So how crucial is further Washington stimulus money to the economy’s—and the stock market’s—continued health? Right now, there’s a lot of doubt about how much, if any, new aid will be coming.
Never fear, says UBS Global Wealth Management. The market dipped last week on news about the potential end of a Federal Reserve safety net, funded by money from the US Treasury. But the firm’s CIO, Mark Haefele, wrote in a report that development of coronavirus vaccines should outweigh those concerns. Plus, he expressed optimism that some kind of fresh stimulus would be coming next year.
“While near-term uncertainty could persist, we believe the case for further upside in global equities remains intact,” he indicated. “For investors, we see the greatest potential in the sectors with scope to catch up as the vaccine rollout and policy support facilitate an economic recovery over the coming year.”
Late Thursday, Treasury Secretary Steven Mnuchin announced a cessation of Federal Reserve lending programs to, among other things, buy state and local debt and bolster small businesses. Mnuchin said these programs were no longer needed to counter the pandemic’s economic impact. And, indeed, the lending facilities have not been used much, and even strapped states such as New Jersey have been able to peddle new bonds to tide themselves over.
Opponents of Mnuchin’s decision say it is a GOP bid to undermine President-elect Joe Biden’s ability to restore the US economy. The fear is that, between now and whenever any vaccines are successfully deployed, the virus’ latest spread will demand much more help from Congress and the Fed.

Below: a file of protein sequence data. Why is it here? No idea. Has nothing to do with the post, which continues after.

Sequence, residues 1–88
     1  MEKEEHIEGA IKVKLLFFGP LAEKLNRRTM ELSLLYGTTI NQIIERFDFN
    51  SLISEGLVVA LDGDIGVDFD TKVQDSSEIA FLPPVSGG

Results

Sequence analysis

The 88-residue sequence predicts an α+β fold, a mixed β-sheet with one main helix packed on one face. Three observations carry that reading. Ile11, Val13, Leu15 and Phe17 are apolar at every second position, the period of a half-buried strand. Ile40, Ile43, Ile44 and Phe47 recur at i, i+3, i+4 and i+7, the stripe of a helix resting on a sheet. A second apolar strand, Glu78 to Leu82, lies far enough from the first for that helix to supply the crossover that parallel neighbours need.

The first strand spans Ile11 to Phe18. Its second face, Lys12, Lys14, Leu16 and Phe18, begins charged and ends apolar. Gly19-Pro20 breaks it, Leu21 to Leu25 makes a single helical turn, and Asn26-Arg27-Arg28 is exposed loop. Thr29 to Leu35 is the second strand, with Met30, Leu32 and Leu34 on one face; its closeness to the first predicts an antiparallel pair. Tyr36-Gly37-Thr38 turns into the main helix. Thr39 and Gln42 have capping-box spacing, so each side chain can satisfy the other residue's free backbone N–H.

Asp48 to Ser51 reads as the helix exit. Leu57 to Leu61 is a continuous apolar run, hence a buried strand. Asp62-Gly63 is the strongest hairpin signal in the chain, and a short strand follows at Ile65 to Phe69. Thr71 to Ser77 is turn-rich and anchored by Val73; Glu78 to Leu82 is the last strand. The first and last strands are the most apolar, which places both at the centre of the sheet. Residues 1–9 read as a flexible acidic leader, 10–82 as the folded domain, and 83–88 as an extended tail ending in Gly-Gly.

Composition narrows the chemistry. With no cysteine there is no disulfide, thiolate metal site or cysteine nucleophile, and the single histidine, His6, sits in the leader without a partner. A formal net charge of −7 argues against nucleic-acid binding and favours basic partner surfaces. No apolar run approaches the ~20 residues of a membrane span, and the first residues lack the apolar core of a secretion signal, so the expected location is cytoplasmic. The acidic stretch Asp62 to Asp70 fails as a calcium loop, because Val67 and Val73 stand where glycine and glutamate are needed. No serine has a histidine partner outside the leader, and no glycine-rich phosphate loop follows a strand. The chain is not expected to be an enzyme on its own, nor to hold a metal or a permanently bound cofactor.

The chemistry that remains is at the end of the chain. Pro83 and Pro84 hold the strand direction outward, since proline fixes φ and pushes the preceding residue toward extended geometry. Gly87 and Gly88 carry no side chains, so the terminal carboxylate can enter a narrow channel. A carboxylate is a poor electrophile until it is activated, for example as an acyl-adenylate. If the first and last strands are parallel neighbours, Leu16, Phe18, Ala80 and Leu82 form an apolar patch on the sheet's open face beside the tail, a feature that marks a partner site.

At the moment, the Republican-led Senate and the Democrat-controlled House of Representatives are at loggerheads on extra relief. Fed Chair Jerome Powell has said more funding from Congress is necessary to get the US economy moving again.
On Friday, the Mnuchin move helped pull down stocks, according to many analysts. The S&P 500 fell 0.68%.
UBS’s Haefele, though, expressed confidence that the new Biden administration would be able to push through another stimulus package in the new year—to the tune of $500 billion to $1 trillion. The high end of that range is slightly less than half of what House Democrats have been seeking.
A vaccine rollout and further Washington help should be good for the market, Haefele said. In particular for small- and mid-cap stocks, financials, consumer discretionary, and global industrials. In short, areas that have lagged in this year’s market advance.
What’s more, Haefele wrote, “we recommend that investors build exposure to likely longer-term winners including disruptors in sectors undergoing technological transformation.”